U.S. Rep. Joseph Crowley (D-Jackson Heights) and LaGuardia Community College invited entrepreneurs in Queens and the Bronx Monday to take part in the Goldman Sachs 10,000 Small Business Program at the Long Island City institution.
“Our entire nation relies on you being healthy,” Crowley told the group of about 70 entrepreneurs at LaGuardia’s recruitment event.
The educational program seeks to help grow businesses that have been in operation for two years, have a minimum of four employees and revenues between $150,000 and $4 million. Entrepreneurs who sign up for the free program can not only learn about marketing, accounting and social media, but also develop a network with their fellow students and get access to capital.
“They really go through a curriculum,” said Jane Schulman, executive director of the 10,000 Small Businesses program at LaGuardia.
The college, at 31-10 Thomson Ave., was the first institution to partner with Goldman Sachs and offer the program, and now it has expanded to colleges in cities across the country. Goldman Sachs hopes to help 10,000 small business owners through the program, and at LaGuardia 110 have graduated from the program with 28 more expected to join them soon.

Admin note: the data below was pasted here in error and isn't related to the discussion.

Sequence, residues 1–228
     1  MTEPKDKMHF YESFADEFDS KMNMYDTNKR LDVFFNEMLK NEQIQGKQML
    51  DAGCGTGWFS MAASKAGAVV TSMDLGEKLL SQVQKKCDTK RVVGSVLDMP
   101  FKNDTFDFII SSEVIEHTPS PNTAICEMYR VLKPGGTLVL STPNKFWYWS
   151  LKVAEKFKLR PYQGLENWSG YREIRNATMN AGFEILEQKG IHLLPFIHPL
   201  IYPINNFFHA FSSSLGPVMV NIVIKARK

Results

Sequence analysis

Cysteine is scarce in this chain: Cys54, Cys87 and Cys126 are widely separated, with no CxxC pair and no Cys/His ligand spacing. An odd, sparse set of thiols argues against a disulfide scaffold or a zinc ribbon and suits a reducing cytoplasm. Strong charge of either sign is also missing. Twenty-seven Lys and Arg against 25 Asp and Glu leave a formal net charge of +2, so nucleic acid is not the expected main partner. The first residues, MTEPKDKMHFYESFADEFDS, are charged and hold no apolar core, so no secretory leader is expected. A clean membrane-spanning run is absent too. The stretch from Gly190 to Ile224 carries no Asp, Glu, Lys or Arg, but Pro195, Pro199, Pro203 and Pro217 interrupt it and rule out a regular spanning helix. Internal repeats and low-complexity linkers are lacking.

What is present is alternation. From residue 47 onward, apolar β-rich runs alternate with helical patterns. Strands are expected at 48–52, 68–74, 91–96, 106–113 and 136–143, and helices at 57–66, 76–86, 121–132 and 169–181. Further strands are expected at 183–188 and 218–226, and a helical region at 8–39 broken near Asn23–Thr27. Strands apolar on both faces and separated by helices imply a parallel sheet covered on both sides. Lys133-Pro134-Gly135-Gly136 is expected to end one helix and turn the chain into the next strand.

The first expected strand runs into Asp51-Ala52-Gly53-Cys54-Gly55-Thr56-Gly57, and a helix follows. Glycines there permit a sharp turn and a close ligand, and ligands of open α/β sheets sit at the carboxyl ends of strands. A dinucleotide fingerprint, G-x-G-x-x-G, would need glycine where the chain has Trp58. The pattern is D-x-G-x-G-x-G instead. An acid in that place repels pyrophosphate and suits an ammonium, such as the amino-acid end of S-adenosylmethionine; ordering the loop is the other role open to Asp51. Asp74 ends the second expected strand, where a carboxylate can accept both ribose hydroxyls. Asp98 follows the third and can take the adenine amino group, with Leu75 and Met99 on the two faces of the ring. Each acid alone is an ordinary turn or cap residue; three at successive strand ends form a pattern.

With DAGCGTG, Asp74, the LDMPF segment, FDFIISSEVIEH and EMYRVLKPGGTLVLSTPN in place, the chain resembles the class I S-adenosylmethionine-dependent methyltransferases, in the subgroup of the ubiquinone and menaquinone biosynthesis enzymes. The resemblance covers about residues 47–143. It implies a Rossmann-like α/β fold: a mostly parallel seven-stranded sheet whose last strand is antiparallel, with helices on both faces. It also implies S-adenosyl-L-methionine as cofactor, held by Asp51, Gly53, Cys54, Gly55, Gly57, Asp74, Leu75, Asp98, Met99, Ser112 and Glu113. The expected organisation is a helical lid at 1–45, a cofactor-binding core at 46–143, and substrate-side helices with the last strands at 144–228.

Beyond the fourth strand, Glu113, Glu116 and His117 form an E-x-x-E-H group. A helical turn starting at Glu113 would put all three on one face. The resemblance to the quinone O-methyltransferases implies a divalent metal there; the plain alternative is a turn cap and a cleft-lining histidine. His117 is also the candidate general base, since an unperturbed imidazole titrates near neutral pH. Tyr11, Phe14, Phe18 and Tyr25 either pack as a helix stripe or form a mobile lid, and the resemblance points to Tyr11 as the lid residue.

To recruit even more small businesses, Crowley teamed up with LaGuardia to make small businesses in his district aware of the program. The congressman’s current district encompasses Jackson Heights, East Elmhurst and parts of Woodside, Sunnyside, Maspeth, Elmhurst and the Bronx.
“This is a great example of the private-public partnership,” Crowley said.
Recent 10,000 Small Businesses graduate Mario Fichera, part of the Woodside business Visual Millwork and Fixture Mfg. Inc., said he enrolled to give the business that had been in his family for four generations a shot in the arm due to hardship from the 2008 recession.
“It was probably one of the best decisions I ever made,” Fichera said.
Dina Habib Powell, president of the Goldman Sachs Foundation, said of the businesses entrepreneurs that have gone through the program 99 percent have graduated, 75 percent have increased their revenue and more than 50 percent are creating new jobs.
“We’re growing all the time,” Powell said.
Mercedes Cano, a Jackson Heights immigration lawyer who is in the program, said it had helped make her talents as a lawyer profitable. She said experience had taught her that just being a good lawyer is not enough to run a successful firm.
“It challenged you to think about what you need to do and then it guides you,” Cano said.
Reach reporter Rebecca Henely by e-mail at rhenely@cn
©2012 Community News Group
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